For example, the trainer, who was in Toronto with Marshalls, doesn’t believe in that personal trainer stand-by, the before and after photo shoot. Instead, she asks clients to do before and after performances.
“The first day of the month, you do a challenge and write down your reps in your online profile. Then you train like a Viking for a month and on the last day, you repeat the challenge. Every month you do a new one,” she explains. “To do these performances and then see how much more you can do is amazing. It gives such a feeling of accomplishment. You realize you can do so much more than you thought you were capable of.”
Not that seeing results doesn’t have its place. “Don’t get me wrong; of course we all want to look our best! When you look good, you feel good, right? It can be motivating,” Svava says. “But the looks are just a by-product, not the focus. We train for our power, strength, agility, resilience, optimum energy, confidence and inner contentment.”
Interested in feeling—and seeing—those results? Here are seven simple moves you can try at home.
1. Squat with a backward lunge:
Start in a squat with your weight on your heels. Keep your chest up and lower back straight. Lunge backward deeply—your back knee should almost touch the floor. Then return to squatting position and switch legs. Troubleshooting: Never lengthen your legs fully to ensure you’ll bounce from the squat to the lunge. “When you are in the lunge, there should be a straight line down from the knee to the ankle of your forward leg,” says Svava.
2. Walking plank
Start standing up. Kneel down and walk your arms forward until you’re in high plank position. Then walk your arms back until you’re in a standing forward bend. Slowly straighten up, until you’re standing with your shoulders back. Troubleshooting: When you’re in the plank, engage your core. Don’t arch your back and keep your arms straight and shoulders down.
3. Towel runs
Place two hand towels on floor in front of you. Place a hand on each towel and get into a sprinter’s start position (bum up and heels off the ground). Run forwards as fast as you can, then turn and run back. Troubleshooting: Make sure that you drive your power from your legs and not your arms. Always keep your shoulders down.
4. Backwards squat jumps
Start in a deep squat with your shoulders and bum far back, placing all your weight on your heels. Jump backwards, ending in a deep squat. Troubleshooting: “Keep your chest up and your shoulders back as you move between each squat. Your torso should not be moving forward as you land in the squat,” says Svava.
5. Kneeling high kick
Kneel on your right knee, with your left knee forward in a 90-degree bend. Press into the left heel to raise your body slightly, lengthening the left leg and, at the same time, kicking the right leg as high as you can. Slowly return to your starting position, then switch legs. Troubleshooting: “Do not use the leg you’re kicking with to lift yourself up—only the one you’re kneeling on. Engage your core and use your power to kick that leg!” says Svava.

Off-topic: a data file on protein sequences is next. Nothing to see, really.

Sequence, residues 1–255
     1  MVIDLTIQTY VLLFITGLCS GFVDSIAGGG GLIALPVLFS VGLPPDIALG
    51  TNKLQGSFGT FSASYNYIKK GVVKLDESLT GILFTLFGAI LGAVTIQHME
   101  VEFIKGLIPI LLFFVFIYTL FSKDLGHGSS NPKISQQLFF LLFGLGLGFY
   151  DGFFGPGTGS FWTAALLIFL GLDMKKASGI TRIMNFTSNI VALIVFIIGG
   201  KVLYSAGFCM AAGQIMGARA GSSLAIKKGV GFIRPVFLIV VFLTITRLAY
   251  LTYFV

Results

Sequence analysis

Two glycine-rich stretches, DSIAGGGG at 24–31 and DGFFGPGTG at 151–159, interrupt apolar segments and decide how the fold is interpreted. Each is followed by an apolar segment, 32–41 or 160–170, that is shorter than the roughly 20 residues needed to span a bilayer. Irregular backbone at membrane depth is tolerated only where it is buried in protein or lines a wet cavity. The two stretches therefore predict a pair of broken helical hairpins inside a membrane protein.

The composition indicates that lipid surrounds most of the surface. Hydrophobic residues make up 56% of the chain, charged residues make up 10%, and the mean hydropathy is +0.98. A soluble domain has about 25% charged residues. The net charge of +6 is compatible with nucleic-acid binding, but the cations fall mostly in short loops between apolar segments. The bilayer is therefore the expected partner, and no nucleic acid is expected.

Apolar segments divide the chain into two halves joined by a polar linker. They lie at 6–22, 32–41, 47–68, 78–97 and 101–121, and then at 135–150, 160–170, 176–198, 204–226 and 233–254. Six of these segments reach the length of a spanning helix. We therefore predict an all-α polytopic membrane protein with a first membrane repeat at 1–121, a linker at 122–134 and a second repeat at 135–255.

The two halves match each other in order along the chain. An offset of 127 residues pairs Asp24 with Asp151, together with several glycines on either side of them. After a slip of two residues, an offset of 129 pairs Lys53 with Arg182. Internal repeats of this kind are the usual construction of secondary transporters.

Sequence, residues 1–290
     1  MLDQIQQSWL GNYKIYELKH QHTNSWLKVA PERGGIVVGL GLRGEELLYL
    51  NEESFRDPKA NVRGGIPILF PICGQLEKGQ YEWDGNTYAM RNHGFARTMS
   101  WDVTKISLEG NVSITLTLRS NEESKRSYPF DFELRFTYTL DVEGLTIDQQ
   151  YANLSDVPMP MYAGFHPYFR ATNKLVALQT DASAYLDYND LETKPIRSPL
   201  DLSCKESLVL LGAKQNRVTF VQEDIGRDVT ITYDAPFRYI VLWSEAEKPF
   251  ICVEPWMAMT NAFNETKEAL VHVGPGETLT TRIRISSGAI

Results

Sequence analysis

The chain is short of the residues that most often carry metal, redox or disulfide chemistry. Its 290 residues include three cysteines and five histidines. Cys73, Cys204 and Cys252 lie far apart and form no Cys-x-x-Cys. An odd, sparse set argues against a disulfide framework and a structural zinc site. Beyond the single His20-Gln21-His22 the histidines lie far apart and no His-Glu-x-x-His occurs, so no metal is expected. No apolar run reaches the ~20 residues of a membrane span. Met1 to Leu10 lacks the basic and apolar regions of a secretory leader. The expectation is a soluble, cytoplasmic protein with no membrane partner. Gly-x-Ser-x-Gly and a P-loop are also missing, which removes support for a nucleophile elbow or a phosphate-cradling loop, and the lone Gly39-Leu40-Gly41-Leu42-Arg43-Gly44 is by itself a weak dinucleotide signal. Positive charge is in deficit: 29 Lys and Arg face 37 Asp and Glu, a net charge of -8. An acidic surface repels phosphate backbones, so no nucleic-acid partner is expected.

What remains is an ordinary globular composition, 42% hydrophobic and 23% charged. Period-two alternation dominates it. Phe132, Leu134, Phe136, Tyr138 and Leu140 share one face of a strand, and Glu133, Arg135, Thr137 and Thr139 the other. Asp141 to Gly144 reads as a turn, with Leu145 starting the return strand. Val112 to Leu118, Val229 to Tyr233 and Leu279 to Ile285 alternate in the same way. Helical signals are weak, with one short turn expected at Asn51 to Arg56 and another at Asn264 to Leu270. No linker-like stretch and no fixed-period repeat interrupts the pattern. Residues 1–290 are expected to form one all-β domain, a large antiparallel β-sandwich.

6. Plank forward reaches
Get into low plank position. Keep your hips still and slowly reach one arm forward without shifting your body weight. Bring your arm to starting position, then switch sides. “This is a slow exercise, so if you speed it up, you will start shifting your weight and swinging your body, ultimately losing your core,” she says. “Keep that core engaged! And do not arch your lower back.” Troubleshooting: You can tell whether you’re shifting your hips too much by paying close attention to your feet as you reach forward—if you feel more weight on the toes of one foot than the other, you need to engage your core more.
Squat with your bum sticking out and your heels firm on the ground. Place your hands on the ground in between your legs and jump your legs back. (You’ll end up in press up position.) Hold that pose, engaging your core so you don’t drop your middle. Then jump back to the squat, do a squat jump, and land in a squat. That is one burpee. Troubleshooting: “When you’re squatting, your shoulders, back and chest should be straight, so that you aren’t hunched over,” Svava says. “And this is crucial: when you’re doing the squat jump, make sure you’re landing back in a squat with both heels on the ground—rather than landing with your legs straight and then squatting.”
Empty shopping bags, broken chairs, stacks and stacks of magazines—when writer Christina Gonzales realized her mom might be a hoarder, she went to the experts to find out how she could help, and repaired their relationship in the process.
At my mother's apartment, there are a lot of unspoken rules. "Don't open the kitchen cabinets" is one of them. I've only ever used one cupboard, which is right above the sink and houses the sieve, a few large ceramic bowls and the few packs of ramen noodles that haven't yet gone bad. I try not to ask my mom what's in the rest of those cupboards, or why our pots and pans are piled beside the stove and our dishes never leave the drying rack. I brought up the subject once in aggravation when I moved back home two years ago to save money. "You're too much, Christina," she responded angrily. It instantly brought me back to my childhood.